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Letter from the Pastor

Part One: Scripture

There is considerable evidence to indicate that the Second Letter to Timothy was written in Paul’s name by one of his followers. Most scholars set the date for the letter after Paul’s death, toward the end of the first century.

Second Timothy makes two important assertions about the word of God. On June 5th we hear that, “All Scripture is inspired by God and is useful for teaching, for refutation, for correction, and training in righteousness.” For the author of Second Timothy, the inspired Scriptures were the Jewish Scriptures. The books we now see as the New Testament were only beginning to hold inspired status. We believe that the Scriptures—both Old and New Testament—can guide and form us to be effective disciples of Jesus.

On June 4th again in Second Timothy, Paul states that his proclamation of the Gospel has led to his imprisonment . As an apostle he now suffers in chains, like a criminal. Then Paul pivots and asserts, “But the word of God is not chained.” Whether proclaimed in Paul’s spoken words or committed to a written text, God’s word remains free.

While all Scripture may “remain free,” and may be “useful for teaching, for refutation, for correction, and training in righteousness,” nevertheless, the expression of these assertions requires continual development. Nowhere is this clearer than the First Letter to Timothy 6:1: “Those who are under the yoke of slavery must regard their masters as worthy of full respect, so that the name of God and our teaching may not suffer abuse.” Clearly Saint Paul tolerated slavery.*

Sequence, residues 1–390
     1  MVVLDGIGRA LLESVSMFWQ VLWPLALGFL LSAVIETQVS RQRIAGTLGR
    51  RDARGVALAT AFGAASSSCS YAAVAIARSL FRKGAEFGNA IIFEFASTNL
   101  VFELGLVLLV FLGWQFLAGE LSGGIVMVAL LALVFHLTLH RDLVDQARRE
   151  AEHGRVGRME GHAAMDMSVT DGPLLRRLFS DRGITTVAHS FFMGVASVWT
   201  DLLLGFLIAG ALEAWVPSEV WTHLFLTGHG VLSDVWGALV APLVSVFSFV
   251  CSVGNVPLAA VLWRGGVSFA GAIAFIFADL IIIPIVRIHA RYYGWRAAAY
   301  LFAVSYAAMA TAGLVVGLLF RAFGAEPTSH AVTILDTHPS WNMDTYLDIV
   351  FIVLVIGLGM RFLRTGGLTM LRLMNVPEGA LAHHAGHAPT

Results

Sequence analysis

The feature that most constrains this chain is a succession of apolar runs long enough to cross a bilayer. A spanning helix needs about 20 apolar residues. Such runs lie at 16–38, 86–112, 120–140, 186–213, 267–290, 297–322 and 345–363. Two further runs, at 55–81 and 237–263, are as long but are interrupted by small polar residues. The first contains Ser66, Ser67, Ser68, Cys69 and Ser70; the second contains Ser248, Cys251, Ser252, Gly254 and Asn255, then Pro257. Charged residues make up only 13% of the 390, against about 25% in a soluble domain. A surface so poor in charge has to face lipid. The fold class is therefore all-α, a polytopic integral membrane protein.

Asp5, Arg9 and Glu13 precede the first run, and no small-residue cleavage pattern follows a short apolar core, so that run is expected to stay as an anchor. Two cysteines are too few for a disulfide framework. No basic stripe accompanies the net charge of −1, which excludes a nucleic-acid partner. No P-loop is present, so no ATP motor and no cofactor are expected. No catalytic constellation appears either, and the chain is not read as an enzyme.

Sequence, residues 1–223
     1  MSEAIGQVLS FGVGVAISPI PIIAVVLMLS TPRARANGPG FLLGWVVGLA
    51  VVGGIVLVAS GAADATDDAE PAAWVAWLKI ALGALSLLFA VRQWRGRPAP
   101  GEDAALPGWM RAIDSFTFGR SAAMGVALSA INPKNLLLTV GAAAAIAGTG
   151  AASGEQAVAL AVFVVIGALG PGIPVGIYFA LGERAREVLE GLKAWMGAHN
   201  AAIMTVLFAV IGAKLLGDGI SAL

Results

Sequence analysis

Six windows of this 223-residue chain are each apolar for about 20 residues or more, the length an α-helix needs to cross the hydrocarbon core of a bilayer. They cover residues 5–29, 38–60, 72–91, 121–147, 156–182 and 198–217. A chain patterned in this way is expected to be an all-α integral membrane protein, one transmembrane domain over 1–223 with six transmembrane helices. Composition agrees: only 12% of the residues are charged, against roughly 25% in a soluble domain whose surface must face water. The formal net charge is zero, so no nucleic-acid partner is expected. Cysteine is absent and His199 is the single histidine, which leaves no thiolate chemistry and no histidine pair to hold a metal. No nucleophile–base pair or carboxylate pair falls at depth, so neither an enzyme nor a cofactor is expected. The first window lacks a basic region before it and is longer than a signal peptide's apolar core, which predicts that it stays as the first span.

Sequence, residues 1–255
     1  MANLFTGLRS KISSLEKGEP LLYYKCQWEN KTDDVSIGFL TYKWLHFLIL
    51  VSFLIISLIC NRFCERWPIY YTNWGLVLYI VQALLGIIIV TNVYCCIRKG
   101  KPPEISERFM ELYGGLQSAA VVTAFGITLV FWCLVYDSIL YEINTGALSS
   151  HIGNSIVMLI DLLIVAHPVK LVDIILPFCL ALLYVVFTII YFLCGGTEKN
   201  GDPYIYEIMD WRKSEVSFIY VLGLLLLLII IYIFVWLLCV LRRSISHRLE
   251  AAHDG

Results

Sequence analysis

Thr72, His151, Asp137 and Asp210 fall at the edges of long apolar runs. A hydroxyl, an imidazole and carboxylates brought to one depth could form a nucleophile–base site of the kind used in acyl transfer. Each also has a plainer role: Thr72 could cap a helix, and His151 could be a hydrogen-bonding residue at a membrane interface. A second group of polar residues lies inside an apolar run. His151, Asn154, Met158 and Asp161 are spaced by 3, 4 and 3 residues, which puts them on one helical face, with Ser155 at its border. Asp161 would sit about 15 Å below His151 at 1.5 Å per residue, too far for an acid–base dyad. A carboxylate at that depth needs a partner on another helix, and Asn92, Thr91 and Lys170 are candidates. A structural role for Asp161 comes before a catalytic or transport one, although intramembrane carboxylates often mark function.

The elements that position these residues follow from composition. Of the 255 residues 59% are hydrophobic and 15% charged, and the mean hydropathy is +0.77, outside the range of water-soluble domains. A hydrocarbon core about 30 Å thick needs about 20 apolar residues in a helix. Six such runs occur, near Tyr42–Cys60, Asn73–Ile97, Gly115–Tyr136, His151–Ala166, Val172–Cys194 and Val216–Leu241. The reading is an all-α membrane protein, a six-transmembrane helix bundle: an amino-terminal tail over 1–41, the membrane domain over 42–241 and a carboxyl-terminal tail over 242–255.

We usually think of slavery in terms of innocent people who were unjustly captured and reduced to "beasts of burden" due solely to their race. This form of slavery, known as racial slavery, began in the 15th century and was formally condemned by Pope Eugene IV in 1435 in his Bull, Sicut Dudum. This was the most common form of slavery in the U.S. before the Thirteenth Amendment ended it. So racial slavery became illegal, but racial profiling and racism continued to fester in our cultural and social system.

Cardinal Joseph Tobin in a statement issued 3 June 2020, wrote: “tolerance of tribalistic factions in the United States, especially in our political forum, promotes a savage law of the jungle and an immoral ethos of might makes right. Violent rhetoric, selfishness and even the crude appropriation of religious symbols conspire to produce a malevolent miasma in which the sin of racism may flourish unchecked. Our society will make no progress in addressing the evil of racism without the will to leave behind the purveyors of polarization.”

*Adapted from the writing of

Father George Smiga, teacher, and author of the website Building on the Word.

Part Two: Re-Opening Churches